Campus News

Soprano Fraser to perform Feldman’s ‘Three Voices’

Juliet Fraser

Juliet Fraser will perform at UB Morton Feldman's "Three Voices," which she recently recorded for the HatHut label. Photo: Dimitri Djuric


Published May 1, 2017

Juliet Fraser, principal soprano of the widely acclaimed EXAUDI vocal ensemble, will visit UB May 4-5 to perform “Three Voices,” the work by the late UB composer Morton Feldman that Fraser recently recorded for the HatHut label.

The concert, part of a U.S. tour, will take place at 7:30 p.m. May 4 in Lippes Concert Hall in Slee Hall, North Campus.

The following day, Fraser will hold a composer workshop at 2 p.m. in Baird Recital Hall, 250 Baird Hall, North Campus.

Fraser’s visit is sponsored by the Department of Music and The Robert and Carol Morris Center for 21st Century Music.

Tickets for the May 4 concert are $15 for the general public and $10 for UB faculty/staff/alumni, seniors and non-UB students. UB students are free with ID. Tickets may be purchased in person at the Center for the Arts box office, online at or one hour before concert time at the Slee Hall box office. 

The workshop is free and open to the public.

“‘Three Voices,’ written in 1982 for Joan La Barbara, was the last solo vocal piece [Feldman] wrote before his death in 1987,” Fraser says. “It sets part of ‘Wind,’ a poem by his friend Frank O’Hara that had been dedicated to him and which he had set earlier in its entirety in ‘The O’Hara Songs’ (1962) for bass-baritone.

“Versions range in length from about 45 minutes to over an hour and a half,” she notes. “My version comes in at 53 minutes, the result of having settled on a workable mean pulse from which I then invited certain passages to deviate gently.

“Designing one’s version,” Fraser explains, “requires an artful balance between the tensions of conflicting demands: the differing exhaustions of a breathless sprint vs. that of a long-distance marathon; a precision that retains its humanity without tipping over either into something clinical or distractingly flawed; a dynamic that points to something delicate and interior, yet allows for flow and freedom in delivery.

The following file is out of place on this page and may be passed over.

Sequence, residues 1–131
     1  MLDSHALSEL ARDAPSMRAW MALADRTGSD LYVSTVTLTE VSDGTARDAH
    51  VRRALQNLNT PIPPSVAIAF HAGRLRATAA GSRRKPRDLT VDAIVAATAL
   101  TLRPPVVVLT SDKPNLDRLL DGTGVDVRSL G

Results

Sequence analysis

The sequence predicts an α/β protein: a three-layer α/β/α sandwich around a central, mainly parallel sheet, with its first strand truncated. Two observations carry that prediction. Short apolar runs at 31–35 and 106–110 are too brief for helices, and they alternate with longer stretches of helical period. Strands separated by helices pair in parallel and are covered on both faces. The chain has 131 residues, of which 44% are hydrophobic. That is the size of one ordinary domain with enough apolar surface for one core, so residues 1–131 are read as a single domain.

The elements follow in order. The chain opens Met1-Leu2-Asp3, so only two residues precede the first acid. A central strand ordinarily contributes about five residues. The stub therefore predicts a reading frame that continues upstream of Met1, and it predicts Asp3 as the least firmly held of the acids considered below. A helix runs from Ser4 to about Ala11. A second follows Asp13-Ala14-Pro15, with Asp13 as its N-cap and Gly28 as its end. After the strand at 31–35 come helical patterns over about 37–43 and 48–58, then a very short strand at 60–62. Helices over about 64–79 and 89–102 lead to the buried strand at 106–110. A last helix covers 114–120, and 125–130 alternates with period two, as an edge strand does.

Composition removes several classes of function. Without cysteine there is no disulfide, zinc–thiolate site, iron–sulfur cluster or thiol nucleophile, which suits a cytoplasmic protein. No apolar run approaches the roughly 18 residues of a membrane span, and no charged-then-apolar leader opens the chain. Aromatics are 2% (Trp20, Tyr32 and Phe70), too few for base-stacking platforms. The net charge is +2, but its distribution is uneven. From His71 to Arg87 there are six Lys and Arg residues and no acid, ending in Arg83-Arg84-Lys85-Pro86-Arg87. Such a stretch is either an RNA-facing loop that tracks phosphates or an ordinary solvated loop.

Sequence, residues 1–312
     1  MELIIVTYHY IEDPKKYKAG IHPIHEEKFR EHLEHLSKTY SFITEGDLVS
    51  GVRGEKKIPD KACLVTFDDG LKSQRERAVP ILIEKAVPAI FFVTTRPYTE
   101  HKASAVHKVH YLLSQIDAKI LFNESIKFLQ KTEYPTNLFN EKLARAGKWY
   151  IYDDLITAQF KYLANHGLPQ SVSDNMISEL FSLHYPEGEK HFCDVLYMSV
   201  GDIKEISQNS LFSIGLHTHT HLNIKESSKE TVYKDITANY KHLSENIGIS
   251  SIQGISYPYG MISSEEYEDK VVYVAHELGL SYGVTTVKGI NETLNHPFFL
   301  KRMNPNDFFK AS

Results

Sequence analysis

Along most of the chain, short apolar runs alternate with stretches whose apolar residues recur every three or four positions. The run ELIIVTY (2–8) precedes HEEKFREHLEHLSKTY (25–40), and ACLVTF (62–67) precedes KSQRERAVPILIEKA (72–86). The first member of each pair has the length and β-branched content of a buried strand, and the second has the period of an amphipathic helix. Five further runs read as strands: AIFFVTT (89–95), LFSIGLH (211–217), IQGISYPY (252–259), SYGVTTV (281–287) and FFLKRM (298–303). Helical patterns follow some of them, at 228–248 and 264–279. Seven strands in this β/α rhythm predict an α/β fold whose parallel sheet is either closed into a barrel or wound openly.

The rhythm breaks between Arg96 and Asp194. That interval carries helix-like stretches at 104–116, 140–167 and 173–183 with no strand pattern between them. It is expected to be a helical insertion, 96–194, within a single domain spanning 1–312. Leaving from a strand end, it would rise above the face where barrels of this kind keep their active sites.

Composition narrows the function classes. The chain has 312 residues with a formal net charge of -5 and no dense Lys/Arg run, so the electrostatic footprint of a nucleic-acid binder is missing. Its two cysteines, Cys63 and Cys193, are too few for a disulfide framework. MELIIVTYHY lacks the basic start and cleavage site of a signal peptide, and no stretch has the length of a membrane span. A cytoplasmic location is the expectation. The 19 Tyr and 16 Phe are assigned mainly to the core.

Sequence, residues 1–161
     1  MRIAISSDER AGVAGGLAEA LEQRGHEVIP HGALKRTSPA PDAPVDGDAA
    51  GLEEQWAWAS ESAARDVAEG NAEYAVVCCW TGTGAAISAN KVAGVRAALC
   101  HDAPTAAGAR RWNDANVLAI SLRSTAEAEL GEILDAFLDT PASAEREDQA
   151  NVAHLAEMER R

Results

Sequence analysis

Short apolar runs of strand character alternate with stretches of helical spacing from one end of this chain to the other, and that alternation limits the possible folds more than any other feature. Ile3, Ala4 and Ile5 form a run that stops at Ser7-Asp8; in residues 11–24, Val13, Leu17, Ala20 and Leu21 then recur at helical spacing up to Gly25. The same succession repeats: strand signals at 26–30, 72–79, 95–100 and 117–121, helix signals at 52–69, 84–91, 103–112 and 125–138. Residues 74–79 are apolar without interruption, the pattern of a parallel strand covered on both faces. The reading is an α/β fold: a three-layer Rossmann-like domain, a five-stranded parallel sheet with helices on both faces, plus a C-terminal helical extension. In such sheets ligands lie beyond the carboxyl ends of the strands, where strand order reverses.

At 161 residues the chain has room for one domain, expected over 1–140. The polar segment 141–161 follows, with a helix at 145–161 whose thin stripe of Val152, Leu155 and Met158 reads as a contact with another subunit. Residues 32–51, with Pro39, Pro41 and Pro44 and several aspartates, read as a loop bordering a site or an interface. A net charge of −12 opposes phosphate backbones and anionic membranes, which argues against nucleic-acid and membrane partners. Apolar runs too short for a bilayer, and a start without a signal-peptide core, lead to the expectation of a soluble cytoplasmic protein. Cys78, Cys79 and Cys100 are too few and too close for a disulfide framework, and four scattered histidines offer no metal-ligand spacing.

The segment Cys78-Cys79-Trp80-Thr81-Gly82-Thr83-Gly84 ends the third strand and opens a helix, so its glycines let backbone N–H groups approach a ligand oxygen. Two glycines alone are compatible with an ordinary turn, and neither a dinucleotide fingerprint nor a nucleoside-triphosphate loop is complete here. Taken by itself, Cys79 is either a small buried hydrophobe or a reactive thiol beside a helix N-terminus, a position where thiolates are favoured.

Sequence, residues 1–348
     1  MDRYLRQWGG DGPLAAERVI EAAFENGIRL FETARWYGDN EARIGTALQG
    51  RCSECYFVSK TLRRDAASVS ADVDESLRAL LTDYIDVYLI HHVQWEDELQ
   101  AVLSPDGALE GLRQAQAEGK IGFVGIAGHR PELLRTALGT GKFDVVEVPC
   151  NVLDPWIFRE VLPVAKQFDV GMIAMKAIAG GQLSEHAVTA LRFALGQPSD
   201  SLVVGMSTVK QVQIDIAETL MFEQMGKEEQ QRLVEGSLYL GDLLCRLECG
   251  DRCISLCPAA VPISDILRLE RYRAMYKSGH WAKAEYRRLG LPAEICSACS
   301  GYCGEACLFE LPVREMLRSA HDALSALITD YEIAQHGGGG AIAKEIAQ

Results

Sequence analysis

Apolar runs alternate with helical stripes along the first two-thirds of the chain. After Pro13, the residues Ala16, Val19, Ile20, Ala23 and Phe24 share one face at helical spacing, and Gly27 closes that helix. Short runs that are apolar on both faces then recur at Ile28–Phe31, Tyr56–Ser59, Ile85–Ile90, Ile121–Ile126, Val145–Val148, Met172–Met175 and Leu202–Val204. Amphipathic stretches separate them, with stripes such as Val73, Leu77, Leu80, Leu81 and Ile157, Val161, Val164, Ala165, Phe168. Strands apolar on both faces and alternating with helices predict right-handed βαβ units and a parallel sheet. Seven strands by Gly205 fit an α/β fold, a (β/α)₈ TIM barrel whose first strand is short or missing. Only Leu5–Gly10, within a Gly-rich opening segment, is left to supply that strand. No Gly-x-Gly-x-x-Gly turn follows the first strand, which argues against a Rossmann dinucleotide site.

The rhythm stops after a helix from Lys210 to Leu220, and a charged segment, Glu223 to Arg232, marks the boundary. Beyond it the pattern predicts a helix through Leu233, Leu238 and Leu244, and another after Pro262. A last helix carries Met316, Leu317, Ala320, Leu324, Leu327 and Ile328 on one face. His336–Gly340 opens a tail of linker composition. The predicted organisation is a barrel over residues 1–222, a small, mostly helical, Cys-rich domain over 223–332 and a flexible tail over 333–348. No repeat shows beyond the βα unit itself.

Fraser was educated at the Purcell School as a first-study oboist and then at Cambridge University. It was while a student at Cambridge that she started singing in the chapel choir of Clare College. She subsequently sang with such professional choirs such as Polyphony, Tenebrae, the Monteverdi Choir, The King's Consort, The Tallis Scholars and BBC Singers.

In early music, she has worked with European consorts Ensemble Polyharmonique and Gli Angeli Genève. She was a regular soloist with Collegium Vocale Gent, directed by Philippe Herreweghe, for six years, performing and recording Renaissance polyphony by Lassus, Vitoria, Gesualdo and Byrd.

In new music, Juliet has performed as a soloist with Klangforum Wien, ICTUS, Plus-Minus, We Spoke: New Music Company, London Sinfonietta and BBC Scottish Symphony Orchestra. Recently, she has created duo projects with pianist Mark Knoop and percussionist Maxime Echardour.

She has premièred more than 100 works, many of which have been written for her, working particularly closely with composers Michael Finnissy, Bernhard Lang, Rebecca Saunders, Stefano Gervasoni, Frank Denyer, Christopher Fox, Matthew Shlomowitz, Cassandra Miller and Andrew Hamilton.

Fraser is principal soprano of EXAUDI, the acclaimed contemporary music vocal ensemble that she founded in 2002 with composer/conductor James Weeks and with whom she makes regular appearances at major European festivals, such as Aldeburgh, Spitalfields, hcmf//, ManiFeste, Festival d'Automne, Ars Musica, Wittener Tage and Darmstadt Ferienkurse.

Her recording of Feldman’s “Three Voices” — her first dedicated solo disc — was released by HatHut Records last November and nominated for a Schallplattenkritik Prize.